For the first time, scientists at The University of Texas at Austin have observed separate populations of corals diverging in their capacity to regulate their genes when adapting to the local environment.
The research, published in Nature Ecology and Evolution, reveals a new way for coral populations to adapt that may help predict how they will fare in the face of climate change.
The findings was based on populations of mustard hill coral (Porites astreoides) living around the Lower Florida Keys. Corals located close to shore are adapted to a more variable environment due to the greater fluctuation in temperature and water quality in the vicinity, developing the ability to adapt to occasional stressful events that offshore corals are spared.
During the experiment, researchers swapped 15 genetically distinct coral colonies from a close-to-shore area with 15 colonies of the same species from offshore waters. After a year, the two populations showed differences: Formerly inshore corals transplanted offshore changed their gene activity dramatically to closely resemble the locals, whereas offshore corals transplanted inshore were able to go only halfway toward the local gene activity levels. In short, corals that originated from the more variable, close-to-shore environment were more flexible in their gene regulation, enabling them to adapt better to their new environment.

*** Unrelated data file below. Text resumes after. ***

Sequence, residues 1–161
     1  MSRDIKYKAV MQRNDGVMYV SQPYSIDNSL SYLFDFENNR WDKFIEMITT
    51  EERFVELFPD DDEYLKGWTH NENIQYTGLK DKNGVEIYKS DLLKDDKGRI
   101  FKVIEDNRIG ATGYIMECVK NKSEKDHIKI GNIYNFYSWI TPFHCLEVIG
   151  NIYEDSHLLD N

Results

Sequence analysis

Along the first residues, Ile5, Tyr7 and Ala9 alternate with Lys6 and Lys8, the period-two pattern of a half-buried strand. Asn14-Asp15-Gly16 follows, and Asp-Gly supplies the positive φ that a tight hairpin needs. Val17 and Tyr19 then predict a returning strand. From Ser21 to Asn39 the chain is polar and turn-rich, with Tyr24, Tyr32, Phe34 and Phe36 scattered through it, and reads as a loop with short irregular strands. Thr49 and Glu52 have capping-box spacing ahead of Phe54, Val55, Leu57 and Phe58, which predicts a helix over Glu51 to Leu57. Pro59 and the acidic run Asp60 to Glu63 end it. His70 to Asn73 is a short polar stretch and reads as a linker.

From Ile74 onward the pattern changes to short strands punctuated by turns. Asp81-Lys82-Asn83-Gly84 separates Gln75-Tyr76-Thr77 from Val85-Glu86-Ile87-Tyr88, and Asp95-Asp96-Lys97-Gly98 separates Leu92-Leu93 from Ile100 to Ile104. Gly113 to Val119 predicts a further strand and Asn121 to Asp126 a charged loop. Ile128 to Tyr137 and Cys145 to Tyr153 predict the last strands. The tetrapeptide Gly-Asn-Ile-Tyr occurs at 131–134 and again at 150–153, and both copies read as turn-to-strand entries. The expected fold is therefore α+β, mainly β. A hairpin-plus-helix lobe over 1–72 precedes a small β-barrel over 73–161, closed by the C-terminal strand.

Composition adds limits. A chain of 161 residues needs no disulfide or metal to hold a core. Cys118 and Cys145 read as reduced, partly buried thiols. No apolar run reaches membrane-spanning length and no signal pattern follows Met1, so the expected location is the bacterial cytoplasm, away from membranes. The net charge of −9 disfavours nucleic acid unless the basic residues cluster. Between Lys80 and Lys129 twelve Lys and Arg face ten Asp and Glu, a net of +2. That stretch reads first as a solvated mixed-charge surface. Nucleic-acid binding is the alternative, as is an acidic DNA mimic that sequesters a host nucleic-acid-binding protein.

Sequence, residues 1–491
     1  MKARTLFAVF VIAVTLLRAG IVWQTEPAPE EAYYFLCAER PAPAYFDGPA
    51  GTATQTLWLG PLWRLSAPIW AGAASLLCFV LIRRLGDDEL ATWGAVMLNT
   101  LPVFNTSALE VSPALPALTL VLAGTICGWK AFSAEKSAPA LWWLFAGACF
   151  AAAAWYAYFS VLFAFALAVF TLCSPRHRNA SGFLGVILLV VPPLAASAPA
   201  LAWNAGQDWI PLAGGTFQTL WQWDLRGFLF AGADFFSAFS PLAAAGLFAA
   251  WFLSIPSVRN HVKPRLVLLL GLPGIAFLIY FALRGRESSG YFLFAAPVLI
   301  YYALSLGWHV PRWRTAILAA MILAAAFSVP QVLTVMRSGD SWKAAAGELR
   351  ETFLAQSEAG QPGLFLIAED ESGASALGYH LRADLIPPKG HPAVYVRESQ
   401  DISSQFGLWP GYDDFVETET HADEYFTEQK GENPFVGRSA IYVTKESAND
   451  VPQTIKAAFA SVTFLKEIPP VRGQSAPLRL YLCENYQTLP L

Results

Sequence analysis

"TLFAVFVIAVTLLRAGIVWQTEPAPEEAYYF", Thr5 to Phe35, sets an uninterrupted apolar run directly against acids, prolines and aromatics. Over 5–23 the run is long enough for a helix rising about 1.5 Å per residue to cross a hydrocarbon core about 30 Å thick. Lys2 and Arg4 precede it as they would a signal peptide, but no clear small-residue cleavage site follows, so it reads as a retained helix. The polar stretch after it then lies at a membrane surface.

“It is exciting that populations so close together – these reefs are less than five miles apart – can be so different,” said corresponding author Carly Kenkel, currently affiliated with the Australian Institute of Marine Science.
“We've discovered another way that corals can enhance their temperature tolerance, which may be important in determining their response to climate change,” she added.
Gene regulation – the body's ability to make specific genes more or less active – can be inherited and are pivotal for adapting to environmental change. It was already known that separate populations often develop differences in average levels of gene activity, but scientists have now found that populations can also diverge in their ability to switch genes on and off.
“We show that one population has adapted to its more variable environment by developing an enhanced ability to regulate gene activity,” said co-author Mikhail Matz, an associate professor in the Department of Integrative Biology.
The lack of flexibility took its toll on the offshore corals, which did not fare well at the inshore reef and experienced stress-induced bleaching. Their higher bleaching levels were linked to the diminished ability to dynamically regulate activity of stress-related genes, confirming that flexibility of gene regulation was an important component of adaptation to the new environment.
“We saw different capacity for gene expression plasticity between coral populations because we looked at the behaviour of all genes taken together instead of focusing on individual genes,” said Kenkel. “If we hadn't, we would have missed the reef for the coral, so to speak.”